Tuesday was just about as gloomy as the end of Monday. Clouds threatened to soak the V-Strom and I was still debating the next waypoint. I had originally wanted to tackle 200 miles or so and reach Carmacks, YT (it was 400 miles to Dawson City). My debate centered on the wet weather for camping and Carmacks lodging options seemed unreasonably expensive ($126 for a room online).
The couple running the Wanderers Inn brought up that there was a new hostel just North of Whitehorse (about 98 miles away). The winning bonus on a day like this was that it had its own hot springs (Takhini hot springs). I figured I could hit Whitehorse first to do the laundry, grab lunch, and pick of the last of the essentials before heading North. Then bunk down at the hostel for a bed and a soak.
Just as I was walking out the door however, Gary (with the ‘Shrek’ from the ferry) texted me that he had an extra bed and was bunking down at the 202 Motor Inn in Whitehorse due to the weather. Which won out over the hot springs since it sounded great to catch another motorcyclist heading on up to Dust to Dawson. The ride was a little wet and cold, but not nearly as bad as the prior evening. It even cleared by the time I reached Whitehorse - I still connected with Gary and had an excellent evening around the town. We hit up the Klondike Rib & Salmon restaurant before readying the next morning for the ride North.
We set out North on the Klondike Highway 2 – it is completely paved to Dawson City and combined with the scenery made for a great day of riding. Only scattered stops along the way. One of the first was Braeburn Lodge at mile marker 55. A well known on the road for massive cinnamon buns that they sell by the dozens to tourists. The shot below doesn’t even do justice to how big they really are. We rolled in shortly after a group of 40 from tour busses rolled out, so the girl taking our orders was happy for a little bit of calm.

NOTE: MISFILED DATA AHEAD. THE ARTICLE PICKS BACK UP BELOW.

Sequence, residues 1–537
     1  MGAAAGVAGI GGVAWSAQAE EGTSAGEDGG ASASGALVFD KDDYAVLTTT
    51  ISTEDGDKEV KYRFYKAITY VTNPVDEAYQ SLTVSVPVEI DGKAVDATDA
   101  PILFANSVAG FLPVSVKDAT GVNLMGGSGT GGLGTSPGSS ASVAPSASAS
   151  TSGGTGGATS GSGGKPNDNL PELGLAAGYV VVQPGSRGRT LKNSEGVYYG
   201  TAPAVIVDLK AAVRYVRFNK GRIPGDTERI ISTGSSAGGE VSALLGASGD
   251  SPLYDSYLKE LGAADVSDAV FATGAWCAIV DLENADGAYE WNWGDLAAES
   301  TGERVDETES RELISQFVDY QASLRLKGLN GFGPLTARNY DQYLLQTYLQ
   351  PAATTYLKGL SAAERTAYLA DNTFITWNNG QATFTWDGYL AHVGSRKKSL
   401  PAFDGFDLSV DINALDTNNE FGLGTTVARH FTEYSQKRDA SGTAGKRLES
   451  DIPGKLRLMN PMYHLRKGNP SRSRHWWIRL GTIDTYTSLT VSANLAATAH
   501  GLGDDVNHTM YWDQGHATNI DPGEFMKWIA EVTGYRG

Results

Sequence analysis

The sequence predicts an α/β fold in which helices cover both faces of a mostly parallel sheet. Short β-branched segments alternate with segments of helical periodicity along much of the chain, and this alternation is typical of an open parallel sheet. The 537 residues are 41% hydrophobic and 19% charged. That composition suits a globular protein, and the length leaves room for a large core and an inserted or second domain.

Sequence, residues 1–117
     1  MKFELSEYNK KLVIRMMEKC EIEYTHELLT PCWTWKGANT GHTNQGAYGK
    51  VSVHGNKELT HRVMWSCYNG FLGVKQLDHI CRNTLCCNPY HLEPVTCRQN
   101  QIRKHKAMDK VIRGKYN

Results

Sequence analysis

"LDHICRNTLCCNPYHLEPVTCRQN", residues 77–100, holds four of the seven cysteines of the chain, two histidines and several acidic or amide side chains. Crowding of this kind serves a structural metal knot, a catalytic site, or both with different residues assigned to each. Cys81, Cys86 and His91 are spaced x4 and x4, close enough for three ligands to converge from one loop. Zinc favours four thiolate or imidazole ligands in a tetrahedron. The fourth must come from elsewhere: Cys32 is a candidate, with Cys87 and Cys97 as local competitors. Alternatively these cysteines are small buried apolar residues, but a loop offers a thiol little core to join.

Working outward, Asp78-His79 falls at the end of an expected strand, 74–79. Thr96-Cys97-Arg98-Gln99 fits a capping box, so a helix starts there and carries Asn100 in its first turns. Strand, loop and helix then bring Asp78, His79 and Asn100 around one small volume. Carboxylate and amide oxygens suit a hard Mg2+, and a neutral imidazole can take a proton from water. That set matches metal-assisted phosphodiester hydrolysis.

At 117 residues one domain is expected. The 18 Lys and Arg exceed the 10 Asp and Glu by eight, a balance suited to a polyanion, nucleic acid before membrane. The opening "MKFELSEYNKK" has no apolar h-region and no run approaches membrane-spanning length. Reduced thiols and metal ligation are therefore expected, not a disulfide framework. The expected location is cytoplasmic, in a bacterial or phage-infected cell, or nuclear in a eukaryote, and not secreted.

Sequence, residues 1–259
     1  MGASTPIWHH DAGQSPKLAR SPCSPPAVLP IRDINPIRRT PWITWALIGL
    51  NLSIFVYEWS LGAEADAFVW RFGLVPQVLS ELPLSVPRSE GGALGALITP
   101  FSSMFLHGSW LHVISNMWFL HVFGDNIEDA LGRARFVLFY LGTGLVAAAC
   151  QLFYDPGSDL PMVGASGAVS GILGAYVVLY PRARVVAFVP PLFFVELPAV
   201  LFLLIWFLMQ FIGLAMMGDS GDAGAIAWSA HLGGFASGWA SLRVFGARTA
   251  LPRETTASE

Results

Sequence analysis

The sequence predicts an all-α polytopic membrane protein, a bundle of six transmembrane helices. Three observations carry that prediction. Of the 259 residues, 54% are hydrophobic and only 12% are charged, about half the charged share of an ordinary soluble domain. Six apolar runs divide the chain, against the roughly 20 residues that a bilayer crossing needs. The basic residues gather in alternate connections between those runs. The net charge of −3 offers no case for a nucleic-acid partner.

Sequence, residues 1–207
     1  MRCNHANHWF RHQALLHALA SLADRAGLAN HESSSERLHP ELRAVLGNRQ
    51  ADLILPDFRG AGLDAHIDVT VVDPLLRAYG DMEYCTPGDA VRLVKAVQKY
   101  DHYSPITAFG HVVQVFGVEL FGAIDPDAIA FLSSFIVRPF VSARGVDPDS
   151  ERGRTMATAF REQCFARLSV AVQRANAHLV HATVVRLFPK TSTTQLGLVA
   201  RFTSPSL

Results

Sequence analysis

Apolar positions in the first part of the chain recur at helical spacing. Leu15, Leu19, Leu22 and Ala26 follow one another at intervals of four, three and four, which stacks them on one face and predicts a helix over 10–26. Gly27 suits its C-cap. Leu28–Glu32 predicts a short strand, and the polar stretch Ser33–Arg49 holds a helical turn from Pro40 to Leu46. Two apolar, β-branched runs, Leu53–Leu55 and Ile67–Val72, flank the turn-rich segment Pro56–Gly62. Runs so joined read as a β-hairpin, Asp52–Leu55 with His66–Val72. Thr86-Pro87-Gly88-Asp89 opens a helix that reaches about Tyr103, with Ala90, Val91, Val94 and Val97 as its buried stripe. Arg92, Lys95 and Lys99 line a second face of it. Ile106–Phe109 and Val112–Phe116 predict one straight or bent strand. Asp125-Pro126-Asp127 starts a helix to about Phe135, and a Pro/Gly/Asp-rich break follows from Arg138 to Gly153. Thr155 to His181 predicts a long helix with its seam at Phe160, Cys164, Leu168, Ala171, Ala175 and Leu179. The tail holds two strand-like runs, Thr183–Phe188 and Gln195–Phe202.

Further North the bike is treated to great views of the Klondike River. This was the main route during the Gold Rush for steamboats and supplies to Dawson City. We stopped along one of its stunning turns through the Yukon, and then continued to ride.
We were going to have plenty of sunlight (the summer solstice was a couple days away) and certainly could make it all the way to Dawson City that day. But, it felt a little more relaxed to lay down the tents around 4pm and enjoy the weather, which was sunny the entire ride. Stopping at the Stewart Crossing visitors center after a tank of gas, we ran into a couple locals with their dog who mentioned the Moose Creek campground at mile 226 (about 20 klicks down the highway) was ideal for camping. They even claimed there was nothing to worry about from the grizzlies since they were all getting tripped out on this yellow flower seen throughout the roadsides. I guess a type of veggie narcotic for the beers during summer season.